Friday, December 18, 2009

The Alternative

This came from a conversation with an old friend over coffee.

And this is a photo of Thandie Newton, for here she is the very image of my friend ‘B.B’ now happily remarried at forty. She still worries she did not do what was best for her boys. I’m certain she did for this is as far as I concern the only alternative if she had stayed.

‘Throw your precious gifts into the air. Watch them fall down’
Cynthia was the sort of woman that could wrangle two little boys, prepare a four-course meal and see her five spring brides each have worry-free sleep all without soiling her pristine silk blouse. Cynthia was never late and always immaculate, but more than these things, Cynthia is the perfect wife for Dr. Jackson Churchill.

Cynthia met Jack in high school, she at St Clements and he at St Michaels. And though it was not love at first sight, they were fast friends who moved in the same circles. Jack was two years older than she was with a sharp mind and a likable enough personality.

They married a month after she graduated from the University of Toronto with a BA in English and settled in the charming, centuries old Arts and Crafts off Mount Pleasant. She worked as junior copy editor for Canada’s number two interior design magazine until their twins came along.

Then she was a devoted stay-at-home mother to Alfie and Olly until the boys were off to school and her days became aimless. But our Cynthia, not the sort to wallow, started a wedding planning firm. She found success almost immediately because of her ability to make order out of chaos while making certain dinner was on the table each night at six sharp.

Their lives went on thus, without incident, the boys at St. Mike’s like their father before them and Jack was a now-flourishing plastic surgeon with discreet offices on Avenue Road just around the corner from her tiny boutique on Davenport. Now, it’s possible that any other woman in this blissful existence would fret at its perfection but our Cynthia thought things were precisely as they should be.

After all, she did all the right things.

She dated plenty before settling on a dear friend, she kept her figure and she made a point of keeping the sex as frequent as when they were dating. They had, ever since the boys entered high school two years ago, started taking off alone together a few days each year.

So, you can’t imagine how utterly surprised she was when she stepped out of the new pastry shop in the Beaches with her April bride after a morning of cake-tasting to find her husband hand-in-arm with some unkempt woman. Her bride had driven away completely oblivious to her plight and that was because Cynthia had kept her composure.

She had smiled with her usual calm while her husband stood but a breath away with his hand around the clown of a woman, the two of them acting for all the world as if they were awaiting an executioner. Cynthia looked to Jack for his explanation, which came in, but one phrase, ‘I’m happy, Cynthia.’

Can you imagine it? Him standing there on Queen Street East, telling her after twenty-four years of friendship and seventeen year of marriage that he was happy, as if it were some kind of grand revelation, when she knew he was happy because she made him so. The untidy woman was looking at Jack with something like quiet pride that made Cynthia want to murder her.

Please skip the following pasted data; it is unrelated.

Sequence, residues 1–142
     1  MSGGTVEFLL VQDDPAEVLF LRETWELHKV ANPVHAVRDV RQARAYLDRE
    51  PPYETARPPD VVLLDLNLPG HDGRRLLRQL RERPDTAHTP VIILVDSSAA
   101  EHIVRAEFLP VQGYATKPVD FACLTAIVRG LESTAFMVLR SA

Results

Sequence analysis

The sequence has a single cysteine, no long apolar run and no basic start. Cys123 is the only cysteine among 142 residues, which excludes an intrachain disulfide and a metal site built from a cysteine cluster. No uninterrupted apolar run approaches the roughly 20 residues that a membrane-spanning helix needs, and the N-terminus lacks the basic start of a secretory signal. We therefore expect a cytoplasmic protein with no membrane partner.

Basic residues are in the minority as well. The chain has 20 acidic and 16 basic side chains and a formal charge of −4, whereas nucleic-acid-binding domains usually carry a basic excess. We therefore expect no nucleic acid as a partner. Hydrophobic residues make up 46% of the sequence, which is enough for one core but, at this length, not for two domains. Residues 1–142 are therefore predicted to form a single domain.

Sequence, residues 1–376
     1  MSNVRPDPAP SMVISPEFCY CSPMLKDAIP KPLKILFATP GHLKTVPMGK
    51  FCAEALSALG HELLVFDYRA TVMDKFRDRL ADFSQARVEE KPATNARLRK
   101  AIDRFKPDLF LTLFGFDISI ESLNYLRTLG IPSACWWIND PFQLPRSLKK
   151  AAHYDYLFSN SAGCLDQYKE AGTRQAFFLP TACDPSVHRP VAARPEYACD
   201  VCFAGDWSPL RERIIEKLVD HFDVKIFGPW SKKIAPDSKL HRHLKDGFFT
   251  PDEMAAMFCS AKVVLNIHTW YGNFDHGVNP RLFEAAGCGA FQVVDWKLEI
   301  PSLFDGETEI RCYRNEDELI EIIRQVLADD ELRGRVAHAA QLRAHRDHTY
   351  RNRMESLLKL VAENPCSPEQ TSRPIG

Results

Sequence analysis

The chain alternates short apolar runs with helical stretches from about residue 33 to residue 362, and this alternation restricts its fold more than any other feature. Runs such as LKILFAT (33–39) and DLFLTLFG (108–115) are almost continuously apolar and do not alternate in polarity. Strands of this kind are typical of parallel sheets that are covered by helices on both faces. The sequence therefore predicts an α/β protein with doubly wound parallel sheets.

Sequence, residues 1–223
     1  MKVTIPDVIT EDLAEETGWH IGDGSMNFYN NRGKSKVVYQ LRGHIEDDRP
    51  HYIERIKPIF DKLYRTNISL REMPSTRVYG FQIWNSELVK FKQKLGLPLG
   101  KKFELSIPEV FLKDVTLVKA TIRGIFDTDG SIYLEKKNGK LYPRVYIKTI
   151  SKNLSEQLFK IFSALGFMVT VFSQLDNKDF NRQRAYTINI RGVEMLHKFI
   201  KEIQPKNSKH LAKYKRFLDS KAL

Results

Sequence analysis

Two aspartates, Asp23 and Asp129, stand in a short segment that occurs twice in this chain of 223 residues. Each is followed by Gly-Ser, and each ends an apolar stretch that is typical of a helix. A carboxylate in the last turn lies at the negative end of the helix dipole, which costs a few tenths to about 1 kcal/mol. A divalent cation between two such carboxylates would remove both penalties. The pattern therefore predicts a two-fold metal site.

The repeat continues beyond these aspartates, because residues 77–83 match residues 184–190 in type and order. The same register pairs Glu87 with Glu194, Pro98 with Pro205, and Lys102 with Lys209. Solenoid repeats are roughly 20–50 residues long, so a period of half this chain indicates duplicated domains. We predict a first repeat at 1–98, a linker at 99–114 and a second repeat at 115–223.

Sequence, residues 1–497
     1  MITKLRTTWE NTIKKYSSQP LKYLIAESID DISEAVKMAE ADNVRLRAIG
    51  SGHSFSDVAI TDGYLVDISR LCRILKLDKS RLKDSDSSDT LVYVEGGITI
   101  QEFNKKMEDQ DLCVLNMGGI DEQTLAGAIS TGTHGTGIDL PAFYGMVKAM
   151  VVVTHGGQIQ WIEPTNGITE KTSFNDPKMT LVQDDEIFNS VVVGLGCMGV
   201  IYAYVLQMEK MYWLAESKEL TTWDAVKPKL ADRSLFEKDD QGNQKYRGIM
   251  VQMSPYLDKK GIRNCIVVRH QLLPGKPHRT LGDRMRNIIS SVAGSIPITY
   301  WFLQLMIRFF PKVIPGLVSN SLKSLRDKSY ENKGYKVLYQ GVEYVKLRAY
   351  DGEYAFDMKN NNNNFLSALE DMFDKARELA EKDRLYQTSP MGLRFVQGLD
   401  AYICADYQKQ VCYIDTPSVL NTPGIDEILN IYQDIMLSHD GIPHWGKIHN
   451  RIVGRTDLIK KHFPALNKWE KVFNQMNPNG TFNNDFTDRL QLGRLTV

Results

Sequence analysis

Only our Cynthia is not the type for unguided passion or anything that would involve her abandoning her boys for prison. Nor would she discuss it any further in the middle of the street, so the three took Cynthia's little devastation to a near by coffee shop where she, with a hushed but firm voice laid out the facts for Jack and his companion.

‘His life does not work without me and all the easy charm he now boasts is due to my efforts. I’ve made him the man you have taken ownership of and I will not fight you for him. I will be remarried a year from this day to someone far more worthy and the two of you will fall apart inside of a month. Not because I say so but because you do not fit with Jackson’s life.’

The awful little woman took umbrage and went on a rant about how she was a psychoanalyst and more than capable of taking care of Jack adding in the end how she would fit better in his life because they were both doctors.

Cynthia had laughed for she knew Jack’s mother would never tolerate this woman and that his sisters who had gone to school with her would never forgive him. Besides, Jack did not know what his suit size was or where his favourite shirts were purchased. Nor did he know where to find his brand of cereal or any of the birthdays of anyone in his family.

Connie will represent her, she was sure and she would get the house, the cottage, and everything else she desires for Connie is ruthless. It’s her boys that she worries for now and it’s for them that she will endure this for the month it will take for Jack to see what an unmitigated mistake this will no doubt be.

For them she will pack up his belongings and bear in silence while he sets up house with this woman. For them she will bear while he introduces her to their family and friends before coming finally to the realization that she will not do and beg forgiveness. For her sons she will take him back and for herself she will forgive him this one indiscretion.